It’s been two weeks since I completed my first half marathon. The race was a challenge — much more of a challenge than I thought it would be. Here are some lessons I learned from the experience:
Physically, I thought I had it in the bag. I was logging 20-25 miles a week. I felt strong and confident, and still enjoying the high from running a PR in the Pikes Peek 10k the week before. But the training wasn’t enough. Most of those miles had been treadmill miles, which is very different from road miles. Some people can’t do the treadmill because it’s boring, and they say the miles seem a lot longer. But it works for me. Yes, it can be boring, but the conditions are perfect. You don’t experience any bumps or turns, no steep hills or declines, no excessive heat or strong winds forcing you to sway. It’s just straight and steady in an air-conditioned room. The problem is though, if you’re training for long outdoor races, it’s important to get your body used to running in those types of conditions. And my body was not.
I now know why all of those energy and protein bars and shakes and gels and what have you exists. I never thought I would ever say this, but sometimes I’m just not hungry. And forcing myself to eat, especially heavy carbs and protein, makes me feel sick. But, the thing is, it is absolutely necessary to fuel your body properly before a race, and that was something I failed to do before the half marathon.
The carbs you eat the night before a race is mostly stored as glycogen in your muscles and liver. Glycogen is your body’s most easily accessible form of energy. When your body burns through all of the glycogen during a race, that’s when you hit “the wall.” Your body slows down, and begins converting fat for energy. But converting fat into energy isn’t as efficient and takes longer. That’s why proper carbo-loading can help runners maintain energy throughout the race and avoid hitting the wall.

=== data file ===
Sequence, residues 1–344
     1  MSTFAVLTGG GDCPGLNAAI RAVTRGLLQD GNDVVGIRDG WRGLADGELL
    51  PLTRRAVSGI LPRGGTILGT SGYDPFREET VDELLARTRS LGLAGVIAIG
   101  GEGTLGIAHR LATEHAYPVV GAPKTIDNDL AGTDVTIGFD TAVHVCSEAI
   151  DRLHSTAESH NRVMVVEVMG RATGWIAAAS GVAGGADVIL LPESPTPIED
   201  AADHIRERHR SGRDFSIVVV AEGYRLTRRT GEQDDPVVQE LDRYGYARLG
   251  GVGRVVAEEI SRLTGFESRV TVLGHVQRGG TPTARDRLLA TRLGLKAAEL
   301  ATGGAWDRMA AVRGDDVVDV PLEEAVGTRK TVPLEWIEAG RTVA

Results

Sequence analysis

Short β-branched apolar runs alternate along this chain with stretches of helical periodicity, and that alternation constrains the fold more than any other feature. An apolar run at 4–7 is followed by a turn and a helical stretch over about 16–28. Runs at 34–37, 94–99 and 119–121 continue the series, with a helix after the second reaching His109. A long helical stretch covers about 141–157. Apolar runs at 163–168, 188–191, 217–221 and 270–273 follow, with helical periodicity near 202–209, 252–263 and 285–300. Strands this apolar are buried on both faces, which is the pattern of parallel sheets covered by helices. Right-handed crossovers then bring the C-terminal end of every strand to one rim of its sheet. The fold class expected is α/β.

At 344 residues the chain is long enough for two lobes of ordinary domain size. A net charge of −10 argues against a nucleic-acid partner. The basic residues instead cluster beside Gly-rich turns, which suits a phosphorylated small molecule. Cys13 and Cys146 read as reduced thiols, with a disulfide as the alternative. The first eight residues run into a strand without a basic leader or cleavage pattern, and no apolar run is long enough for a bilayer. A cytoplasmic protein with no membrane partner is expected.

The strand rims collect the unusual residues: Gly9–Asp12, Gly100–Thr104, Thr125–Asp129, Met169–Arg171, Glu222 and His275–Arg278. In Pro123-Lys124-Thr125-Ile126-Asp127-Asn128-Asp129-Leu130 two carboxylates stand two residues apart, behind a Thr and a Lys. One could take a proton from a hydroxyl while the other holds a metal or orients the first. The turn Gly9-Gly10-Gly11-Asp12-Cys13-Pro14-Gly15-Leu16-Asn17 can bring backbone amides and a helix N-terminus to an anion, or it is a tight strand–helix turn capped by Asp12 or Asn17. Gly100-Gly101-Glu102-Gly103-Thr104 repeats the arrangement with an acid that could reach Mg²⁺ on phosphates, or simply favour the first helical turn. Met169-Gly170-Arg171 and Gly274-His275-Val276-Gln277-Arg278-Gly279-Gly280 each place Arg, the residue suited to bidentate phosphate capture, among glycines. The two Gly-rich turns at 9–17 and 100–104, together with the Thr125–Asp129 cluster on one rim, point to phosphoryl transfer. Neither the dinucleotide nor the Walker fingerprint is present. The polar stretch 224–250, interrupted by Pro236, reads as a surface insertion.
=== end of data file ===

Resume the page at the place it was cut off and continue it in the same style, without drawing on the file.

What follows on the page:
Getting enough sleep
I couldn’t fall asleep the night before the race. I tossed and turned, flipped my pillows a few times. Nothing. Nothing, until well past midnight. I was tired when I woke up at 4 a.m. to get ready for the race. I’m not sure how to deal with this problem yet, because it’s not like I didn’t try to go to bed early — I was under the covers at 9 p.m.! Maybe it was anxiety about the half marathon that kept me up. Hopefully this will pass as I get more comfortable running these races.
Getting to the race early
This is one thing I did right. I don’t like being late for things — it stresses me out, so I knew getting there early was key for me. One of the volunteers at the Frederick Running Festival on Saturday (the day before the race) strongly advised participants and spectators to arrive no later than 5:45 a.m. Road closures began at 5:30. I got there a little before 5:30, found an awesome parking spot, and had plenty of time to relax and stretch before the race.
Pacing is important
Running is the art of pacing. And I did not pace myself well during this race. Part of the reason was that I honestly thought I could complete the half marathon in less than two hours. Ha. I was not prepared for Frederick’s hills and frequent turns. I started in the 2:00 wave, when I should have started in 2:10 wave. And not only that, I felt myself going faster than the runners in my wave. It was too fast, too soon. This is something I definitely need to work on. Proper pacing is essential to a more successful run.
Ice is magical
One of the many great tips from my colleague, Kevin: Ice your legs after the race. When I got home from Frederick, all I wanted to do was pass out. I didn’t even want to shower. (But I did!). After the shower, I filled a couple of gallon-sized Ziploc bags with ice, put on a sweatshirt (to stay warm), and iced my legs for about half an hour. The ice constricts blood vessels and decreases metabolic activity, which helps reduce swelling and tissue breakdown. When the ice is removed, your legs warm up with increased blood flow that speeds circulation and helps with the healing process. Ice is magical. My legs were barely sore the next day.
Those are my six takeaways from my first half marathon. Running that race was a lot harder than I thought it would be, and sometimes (a lot of times, actually) I have doubts about whether I’ll be able to complete my 50 states challenge. I’m hoping it’ll get easier. I guess we’ll see. Next week, I take on Virginia at the Alexandria Running Festival.